It’s self doubt. According to Popova, “the same paralyzing self-doubt which Virginia Woolf so elegantly captured; which led Steinbeck to repeatedly berate, then galvanize himself in his diary; which sent Van Gogh into a spiral of floundering before he found his way as an artist.”

The same self doubt that caused one “Sugar” reader to write to Strayed. The reader was twenty-six—a classic writer who can’t write. She tells Strayed, “I am sick with panic that I cannot—will not—override my limitations, insecurities, jealousies, and ineptitude, to write well, with intelligence and heart and lengthiness.”

Strayed’s response is beautiful and raw. You can and should read it.

Highlights for all my fellow twenty-somethings struggling with how exactly one perfects the art of being a motherfucker:

So You Want to Write A Villanelle

Okay so maybe you don’t want to write a villanelle, but that’s only because you don’t know what a villanelle is yet. But once you do know what a villanelle is, you’ll totally want to write one because it is a fun form to write.

In 16th century Italy and Spain, dance songs known as villanella or villancico were peasant tunes without any fixed form. French poets started to write poems called villancelle that again did not follow any fixed rhymes or schemes shortly thereafter.

The first villanelle with a fixed structural form, Jean Passerat’s Villanelle also known as J’ay perdu ma tourterelle, came about in the late 19th century. While the villanelle started in France, it never really caught on there but American poets claimed the poem form and are most known for executing its rigid structural form.

One of the most famous practitioners of the villanelle is Dylan Thomas, with his poem Do Not Go Gentle Into That Good Night:

Do not go gentle into that good night,
Old age should burn and rave at close of day;
Rage, rage against the dying of the light.

Though wise men at their end know dark is right,
Because their words had forked no lightning they
Do not go gentle into that good night.

Good men, the last wave by, crying how bright
Their frail deeds might have danced in a green bay,
Rage, rage against the dying of the light.

Wild men who caught and sang the sun in flight,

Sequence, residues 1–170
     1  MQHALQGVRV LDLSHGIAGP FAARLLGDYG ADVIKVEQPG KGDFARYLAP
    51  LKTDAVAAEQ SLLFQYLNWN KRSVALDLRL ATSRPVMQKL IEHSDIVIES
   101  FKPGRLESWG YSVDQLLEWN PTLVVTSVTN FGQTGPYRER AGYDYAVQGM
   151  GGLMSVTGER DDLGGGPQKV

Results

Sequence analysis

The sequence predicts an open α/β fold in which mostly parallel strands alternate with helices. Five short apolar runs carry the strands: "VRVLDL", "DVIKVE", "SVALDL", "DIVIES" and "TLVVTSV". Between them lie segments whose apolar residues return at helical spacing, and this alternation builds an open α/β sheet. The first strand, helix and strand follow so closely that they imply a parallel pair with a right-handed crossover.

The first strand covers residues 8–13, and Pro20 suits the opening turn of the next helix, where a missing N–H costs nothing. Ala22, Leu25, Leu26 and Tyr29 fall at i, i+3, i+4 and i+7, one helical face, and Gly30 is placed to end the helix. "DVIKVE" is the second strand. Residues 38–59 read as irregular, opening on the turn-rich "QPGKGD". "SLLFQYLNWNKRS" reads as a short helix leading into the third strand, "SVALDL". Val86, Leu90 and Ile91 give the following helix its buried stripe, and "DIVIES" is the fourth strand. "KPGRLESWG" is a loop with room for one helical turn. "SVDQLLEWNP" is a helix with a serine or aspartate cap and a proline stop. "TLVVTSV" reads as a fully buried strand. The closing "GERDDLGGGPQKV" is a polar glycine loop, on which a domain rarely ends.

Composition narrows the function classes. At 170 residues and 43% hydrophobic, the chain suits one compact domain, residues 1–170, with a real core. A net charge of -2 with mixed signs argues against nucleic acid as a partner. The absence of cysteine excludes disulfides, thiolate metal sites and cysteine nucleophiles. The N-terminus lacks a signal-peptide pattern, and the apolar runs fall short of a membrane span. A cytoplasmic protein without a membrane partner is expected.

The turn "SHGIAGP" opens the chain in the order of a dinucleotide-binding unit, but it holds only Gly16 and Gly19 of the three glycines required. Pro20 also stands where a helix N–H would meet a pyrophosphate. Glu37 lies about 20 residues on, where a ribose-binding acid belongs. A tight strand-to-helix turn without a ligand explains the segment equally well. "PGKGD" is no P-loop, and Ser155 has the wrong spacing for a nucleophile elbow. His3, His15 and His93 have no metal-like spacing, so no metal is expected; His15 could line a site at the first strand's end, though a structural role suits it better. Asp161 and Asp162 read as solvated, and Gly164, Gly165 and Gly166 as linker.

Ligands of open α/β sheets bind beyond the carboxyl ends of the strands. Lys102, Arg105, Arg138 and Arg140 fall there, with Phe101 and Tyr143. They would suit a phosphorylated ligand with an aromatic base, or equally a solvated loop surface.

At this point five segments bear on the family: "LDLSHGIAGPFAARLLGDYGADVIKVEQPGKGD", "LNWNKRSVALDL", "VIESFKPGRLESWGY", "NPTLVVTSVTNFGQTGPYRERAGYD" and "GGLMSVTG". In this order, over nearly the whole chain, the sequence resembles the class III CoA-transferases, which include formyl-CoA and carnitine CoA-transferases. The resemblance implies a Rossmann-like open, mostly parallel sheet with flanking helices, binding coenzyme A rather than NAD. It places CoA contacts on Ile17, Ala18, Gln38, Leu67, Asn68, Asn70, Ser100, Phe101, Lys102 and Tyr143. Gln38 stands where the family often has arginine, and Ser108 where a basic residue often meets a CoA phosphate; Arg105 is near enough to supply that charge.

And learn, too late, they grieved it on its way,
Do not go gentle into that good night.

Grave men, near death, who see with blinding sight
Blind eyes could blaze like meteors and be gay,
Rage, rage against the dying of the light.

And you, my father, there on the sad height,
Curse, bless, me now with your fierce tears, I pray.
Do not go gentle into that good night.
Rage, rage against the dying of the light.

Now that you’re familiar with the form, let’s talk about the specific features that make the villanelle a villanelle.

Choose Your Own Unreliable Narrator

We’re all biased, for we are all thinking, feeling beings with opinions and experiences all our own. This means that, no matter what we write, the nature of the text will always be slightly unreliable because what is presented through the text is a projection of our understanding of reality, not reality itself.

Now you can do your best to hide your bias and hide the unreliable nature of your text, or you can embrace it and choose to present your literary vision through a set of unreliable eyes.

There are a few different varieties of unreliable narrators used in text and some great examples out there in literature.

Humbert Humbert from Lolita

Lolita, if you haven’t read it, is a book with a charming, literary, intelligent, protagonist who tells the story of his love affair with a 12-year-old girl to justify the murder of her other lover. Let that sink in for a minute. The opening lines of the book illustrate just how seductive this unreliable narrator is:

Lolita, light of my life, fire of my loins. My sin, my soul. Lo-lee-ta: the tip of the tongue taking a trip of three steps down the palate to tap, at three, on the teeth. Lo. Lee. Ta. She was Lo, plain Lo, in the morning, standing four feet ten in one sock. She was Lola in slacks. She was Dolly at school. She was Dolores on the dotted line. But in my arms she was always Lolita.

Humbert Humbert’s command of language can sometimes mask his unreliable nature, but in the book the audience he is addressing with his tale is a jury that is trying him for murder. Humbert Humbert is being charming and displaying wit to literally try and get away with murder. When it comes to unreliable narrators, Humbert Humbert is a plain old liar, or an unreliable narrator that deliberately tells a skewed version of events that take place within the story. Humbert Humbert is most certainly twisting reality to serve his purpose of avoiding a conviction.


The Narrator from Fight Club